It might be raining on the Cannes parade, and security out of hand, some of the films, well, but there’s still one bright note on a gray, rain-spitting Riviera first festival Friday. The bike of the film, Easy Rider, forty one years old this week, is back at the film festival that gave the film life, once more at the festival where the film and cast – Peter Fonda, Dennis Hopper, Jack Nicholson and Karen Black earned a vital critical reprieve from the Cannes film festival. In fact, Cannes put Easy Rider into orbit.
The master builder of the easy rider Captain America replica, Jack Lepler, is here with the bike as well. The secrets behind the film, the legend behind the story (what Jack “doesn’t know” he isn’t telling, not about the bike nor the original film, no how. ‘It aint worth saying nor knowing,’ he says with a wink.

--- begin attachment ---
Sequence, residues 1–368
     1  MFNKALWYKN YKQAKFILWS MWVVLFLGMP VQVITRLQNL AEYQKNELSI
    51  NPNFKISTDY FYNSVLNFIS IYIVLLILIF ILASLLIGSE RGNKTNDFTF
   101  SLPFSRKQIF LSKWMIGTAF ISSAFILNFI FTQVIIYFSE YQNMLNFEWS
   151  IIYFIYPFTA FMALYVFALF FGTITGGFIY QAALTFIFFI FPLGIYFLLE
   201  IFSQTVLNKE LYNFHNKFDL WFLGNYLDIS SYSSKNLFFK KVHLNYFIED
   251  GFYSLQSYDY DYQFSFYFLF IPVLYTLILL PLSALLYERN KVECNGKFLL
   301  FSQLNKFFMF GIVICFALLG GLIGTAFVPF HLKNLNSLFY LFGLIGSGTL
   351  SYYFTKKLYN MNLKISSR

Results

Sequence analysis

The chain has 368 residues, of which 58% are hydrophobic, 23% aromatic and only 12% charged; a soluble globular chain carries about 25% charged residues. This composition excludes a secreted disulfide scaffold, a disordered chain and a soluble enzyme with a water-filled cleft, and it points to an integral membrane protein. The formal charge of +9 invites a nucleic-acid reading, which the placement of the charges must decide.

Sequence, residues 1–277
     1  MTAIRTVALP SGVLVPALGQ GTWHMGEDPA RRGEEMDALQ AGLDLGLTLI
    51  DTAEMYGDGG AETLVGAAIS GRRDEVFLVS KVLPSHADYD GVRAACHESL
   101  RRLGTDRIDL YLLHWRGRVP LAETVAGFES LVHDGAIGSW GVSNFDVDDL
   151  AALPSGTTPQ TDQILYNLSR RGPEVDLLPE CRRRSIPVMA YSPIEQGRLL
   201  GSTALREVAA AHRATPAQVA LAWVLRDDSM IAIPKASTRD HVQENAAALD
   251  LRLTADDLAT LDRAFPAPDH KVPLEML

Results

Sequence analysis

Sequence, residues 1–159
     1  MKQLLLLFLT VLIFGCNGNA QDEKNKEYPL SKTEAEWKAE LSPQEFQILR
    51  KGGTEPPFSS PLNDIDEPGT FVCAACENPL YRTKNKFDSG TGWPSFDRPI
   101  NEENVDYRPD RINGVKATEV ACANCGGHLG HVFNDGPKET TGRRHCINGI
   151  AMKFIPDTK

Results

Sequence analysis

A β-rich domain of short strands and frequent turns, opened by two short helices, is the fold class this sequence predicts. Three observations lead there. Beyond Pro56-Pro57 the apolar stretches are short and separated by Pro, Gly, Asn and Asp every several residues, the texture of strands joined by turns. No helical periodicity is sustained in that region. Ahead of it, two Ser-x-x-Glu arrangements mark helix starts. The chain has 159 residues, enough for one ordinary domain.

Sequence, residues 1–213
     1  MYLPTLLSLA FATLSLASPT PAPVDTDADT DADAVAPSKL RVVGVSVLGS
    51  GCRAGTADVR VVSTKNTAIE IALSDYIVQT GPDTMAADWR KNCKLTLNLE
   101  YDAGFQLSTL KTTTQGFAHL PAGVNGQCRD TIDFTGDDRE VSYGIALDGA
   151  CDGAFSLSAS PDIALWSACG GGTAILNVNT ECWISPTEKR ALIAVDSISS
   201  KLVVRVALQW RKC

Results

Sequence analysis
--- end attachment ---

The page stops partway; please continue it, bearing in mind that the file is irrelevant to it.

So the sequel, Easy Rider II, has that bike back on the Cote D’Azur, at Cannes again.
If it weren’t for the 22nd Cannes Film festival – the festival after 1968, the year students and filmmakers with Godard and Truffaut stopped Cannes and France in its tracks – the original Easy Rider might not have seen the light of day. American distributors would not touch the film, said they were embarrassed by it. More fool them, because this game-changer budgeted at $400,000 took $60 million at the box office. Easy Rider is a large part of the reason behind independent American cinema’s regeneration of Hollywood’s power in the late 1960s, a movement that took a tired LA studio-system filled with failure and excess and lit a fire under it.
And it was Cannes that gave the story of the bike its traction, a new way its market tread. Easy Rider was a key independent production – turning a savvy creative low-budget know-how into a creative trend that saved Hollywood from a crippling decline. More power to Peter Fonda and Dennis Hopper. More power to Easy Rider sequels.